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…but not recently! We did this repotting at the end of March, 2014, and like the last couple of posts, I’m playing catch up with things that we did long ago…

The styling of this juniper was featured in a 2012 post: http://crataegus.com/2012/09/04/special-rocky-mountain-juniper-styling/

Enjoy the photos!

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Bobby removing the last parts of the box the Rocky Mountain juniper was in. Bobby Curttright is my apprentice, and for those of you who haven’t been following my blog very long, he’s just past the one year mark studying here.

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Excavating part of the roots that had some water-retentive mountain soil. If it’s very fine or has organics in there it can hold a lot of moisture, and then roots don’t grow in those areas very well.

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Bobby and Konnor hamming it up. I don’t recall if Bobby was intending to bow to the juniper or not. (Were you? )

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Beginning to brace the tree in the pot with bamboo shafts.

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The camera unfortunately focused on the deadwood. Oh well. Sometimes this blogging thing seems primarily about showing off my poor photography technique.

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Part of the juniper deadwood was used to brace the back of the tree. This operation took us a while. Some are finickier physics lessons than others, and you can end up with tight shoulders having forgotten to breathe for the last couple of hours, and starving on top of it.

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Konnor sawing a piece of bamboo. This is my only shot of the front of the tree in this series. I tipped the tree to the right a bit, and tilted it back, so that the tree has better harmony in its jins than the original front and inclination that I had chosen. Inevitably with some trees, such as this one, there is a price to be paid for doing so. The tree comes closer to a ‘C’ design, which is generally to be avoided. I thought the benefits in this case were worth it…maybe not, but I’ve got years before the next repot and having to make that decision again.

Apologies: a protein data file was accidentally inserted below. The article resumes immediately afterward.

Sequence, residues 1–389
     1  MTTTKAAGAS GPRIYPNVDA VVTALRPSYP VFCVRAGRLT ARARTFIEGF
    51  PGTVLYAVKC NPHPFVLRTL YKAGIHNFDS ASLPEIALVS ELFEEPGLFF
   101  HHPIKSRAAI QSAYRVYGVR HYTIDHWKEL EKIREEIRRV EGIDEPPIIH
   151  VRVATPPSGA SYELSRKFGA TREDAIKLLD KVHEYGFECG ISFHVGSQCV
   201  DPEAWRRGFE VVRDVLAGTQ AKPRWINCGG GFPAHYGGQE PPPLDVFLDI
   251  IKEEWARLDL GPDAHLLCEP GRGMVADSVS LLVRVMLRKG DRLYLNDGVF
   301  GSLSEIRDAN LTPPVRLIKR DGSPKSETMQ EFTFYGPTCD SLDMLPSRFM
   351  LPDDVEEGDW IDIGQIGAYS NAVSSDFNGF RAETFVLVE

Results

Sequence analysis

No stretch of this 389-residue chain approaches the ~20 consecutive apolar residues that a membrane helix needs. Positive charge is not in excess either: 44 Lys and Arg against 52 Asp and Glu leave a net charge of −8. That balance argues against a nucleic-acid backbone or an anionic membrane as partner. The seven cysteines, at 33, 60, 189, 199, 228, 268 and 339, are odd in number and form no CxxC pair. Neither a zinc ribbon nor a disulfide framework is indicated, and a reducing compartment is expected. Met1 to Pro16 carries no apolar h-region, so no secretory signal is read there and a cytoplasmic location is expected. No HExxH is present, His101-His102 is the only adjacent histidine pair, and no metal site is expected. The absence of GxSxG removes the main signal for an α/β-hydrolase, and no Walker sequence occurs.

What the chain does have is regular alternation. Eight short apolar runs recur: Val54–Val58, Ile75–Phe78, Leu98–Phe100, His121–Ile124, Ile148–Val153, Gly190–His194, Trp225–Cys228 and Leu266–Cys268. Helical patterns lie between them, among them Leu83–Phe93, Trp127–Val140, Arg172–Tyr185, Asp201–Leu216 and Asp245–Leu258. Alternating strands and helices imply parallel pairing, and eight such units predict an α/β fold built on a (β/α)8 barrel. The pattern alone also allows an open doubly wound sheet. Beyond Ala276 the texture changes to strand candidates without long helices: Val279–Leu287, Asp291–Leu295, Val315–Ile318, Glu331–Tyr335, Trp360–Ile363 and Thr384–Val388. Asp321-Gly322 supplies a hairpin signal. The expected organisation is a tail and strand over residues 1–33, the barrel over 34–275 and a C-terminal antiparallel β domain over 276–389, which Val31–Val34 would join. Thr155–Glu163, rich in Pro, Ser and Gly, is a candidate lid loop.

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Chopsticking, chopsticking, and even some stick chopping oh my!

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This tree had grown around a chunk of granite, and now it’s caught in the deadwood at the base. So we left that in there. Actually it helps the tree look more stable.

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Finishing touches.

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Yes, I do some bonsai too… Going for the Michael Jackson look here. I’m not sure it’s working.

It’s been a busy spring! Portland’s bonsai scene is humming, and I’ve had less time to blog about it than I should have. When you are sticky with sap and dirt, it’s easier to put it off another day…

We’ve had several Village Tours, and only a couple of which we’ve had cameras clicking away on. A few of them have been group tours (the largest with 19 people!), and others have been private tours. Our latest private tour features guest Roland Folse from the east coast.

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Roland visiting Ryan Neil in his garden-

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…and Roland in my garden.

Check out our past posts on the Portland Bonsai Village:

http://crataegus.com/2013/10/22/the-portland-bonsai-village-tours-continue/

http://crataegus.com/2013/07/31/scenes-from-the-very-first-portland-bonsai-village-tour/

…our wonky earlier post about the Village:

http://crataegus.com/2012/11/06/portland-bonsai-village-gets-on-the-design-board/

…and then have a gander at the Tours we’re offering (including our new Tour, the Tree Whimsey, a meandering tour of unique, ridiculously old historic trees in funky Portland neighborhoods, with potentially frequent brew pub or wine bar stops):

http://crataegus.com/the-village/

New spin on slabs-

A couple years ago I tried a nylon cooking board as a slab for a twin-trunk Mountain Hemlock.